On Villains 1: The Cottonmouth King

Like every nerd everywhere, I’ve been loving up on Netflix’s Luke Cage recently. Of particular interest to me is Cottonmouth’s story– his story and his cousin’s, Black Mariah. Throwing aside my Marvel nerdiness for the moment– Cottonmouth and Diamondback are both the names of members of the Serpent Society, but on Luke Cage they aren’t snake monsters? Wait, they are also classic Luke Cage villains? WHAT DOES THIS MEAN?!?– I’ve see enough to both despise the character and feel sorry for him, for who he could have been.


Cornell “Cottonmouth” Stokes is played with ostentatious charisma by Mahershala Ali, and he deserves attention for his performance. Even though the character is an obvious trainwreck, the opposite of admirable, he’s also entertainingly frightening and hard to look away from. Though none of his sentiments and speeches stand up to scrutiny, he even occasionally seems to be making sincere point.

Cottonmouth is many things– a proud, misguided black man; a possible musical genius– but here are the traits that seized my attention as I was watching this show:

-Style: Cottonmouth has a distinctive personal style– beautifully tailored suits that show off his wealth, but are strangely mismatched. Diamond ear studs and diamond pinkie rings. Always an extra piece of jewelry to pull focus from an otherwise immaculate outfit. A gorgeous office done up in warm wood, that beautiful backlit bar cabinet… and then that garish Biggie Smalls portrait, used to such good effect in one scene, but always casting a red glow throughout the place, drawing the eye away from the fine and back to the overpowering, the ugly and the vulgar.

Plus, bloody knuckles and bloody suits are almost never in style.

-Personality: Cottonmouth is magnetic as all hell, but consider how he conducts himself. He laughs at others– oh, that laugh!– he mocks, he threatens, then mocks again; he is filled with overconfidence and uncontrollable rage that drives him to do foolish things. He sometimes apologizes, but never for who he is, or for his deepest and most terrible mistakes. He takes no responsibility for Pops’ murder, for the damage his thugs and, yes, his rocket launcher causes Harlem. When it comes time for payback it is his underlings who literally take the fall. Off of buildings.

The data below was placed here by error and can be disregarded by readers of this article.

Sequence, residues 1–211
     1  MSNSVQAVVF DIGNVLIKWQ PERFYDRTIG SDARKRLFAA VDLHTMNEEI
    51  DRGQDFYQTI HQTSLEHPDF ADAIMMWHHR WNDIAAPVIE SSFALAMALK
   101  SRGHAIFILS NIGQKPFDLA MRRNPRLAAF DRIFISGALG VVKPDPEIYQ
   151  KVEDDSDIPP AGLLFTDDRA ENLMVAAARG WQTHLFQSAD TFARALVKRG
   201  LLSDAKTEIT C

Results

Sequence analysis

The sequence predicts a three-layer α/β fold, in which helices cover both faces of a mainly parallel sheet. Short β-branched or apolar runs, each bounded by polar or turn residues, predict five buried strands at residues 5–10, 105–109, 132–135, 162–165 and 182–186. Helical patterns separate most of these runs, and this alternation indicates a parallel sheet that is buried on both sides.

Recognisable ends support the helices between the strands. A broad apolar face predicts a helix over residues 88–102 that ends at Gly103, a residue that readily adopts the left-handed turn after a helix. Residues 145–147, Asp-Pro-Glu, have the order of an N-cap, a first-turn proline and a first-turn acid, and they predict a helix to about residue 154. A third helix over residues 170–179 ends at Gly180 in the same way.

And, thanks to his connections to a crooked mortuary, he’s used to being able to make all his problems disappear in a cloud of smoke and money. He spends his life feeling untouchable… and if he could just learn to back down, he would be. But he only ever doubles down, no matter how atrocious his mistakes.

-Rhetoric and Philosophy: Fear. Fear the outsiders, fear the superhumans, fear the traitors in our midst. Only I can save you from these outside forces. Me. The man whose thugs are presently shaking you down, whose surrogates will rob you and lie to you, who enriches only himself while literally tearing the home he purports to love down to street level and below. I, your greatest threat, I am your only savior.

-Misogyny: Cottonmouth’s misogyny is almost subtle compared to the rest of his personality. However, significant women are notably absent from his life– save of course for his cousin Mariah, whom he finds inventive new ways to underestimate and disrespect. He does have a string of beautiful young women walking through his doors as paid companions, but these ladies are so insignificant in his life that we never even see him with them. We do see that women are afraid to be alone with him as well, but that’s okay. Cottonmouth prefers the company of men — men in extremely questionable suits.

When Cottonmouth dies, it’s not at Luke Cage’s hands– though the big man has motive and opportunity– but at the hands of a politically active woman. He manages to seal his own fate by throwing an unforgivable insult at a sexual abuse survivor, telling her she and all her gender are beneath his notice and then irrevocably falling from grace.

Cottonmouth is Donald J. Trump. It’s an insult to Cottonmouth, of course, since the character’s essence is that he isn’t the person he wanted to become. Cottonmouth is tragic, filled with guilt while Trump is exactly the man he’s always wanted to be. Cottonmouth is a virtual pile of wicked charm, Trump makes faces on stage most of us would never allow in our mirror. Still, the eerie similarities, the bad decisions, the graceless fall–these things draw the eye; it sees what it sees and cannot look away.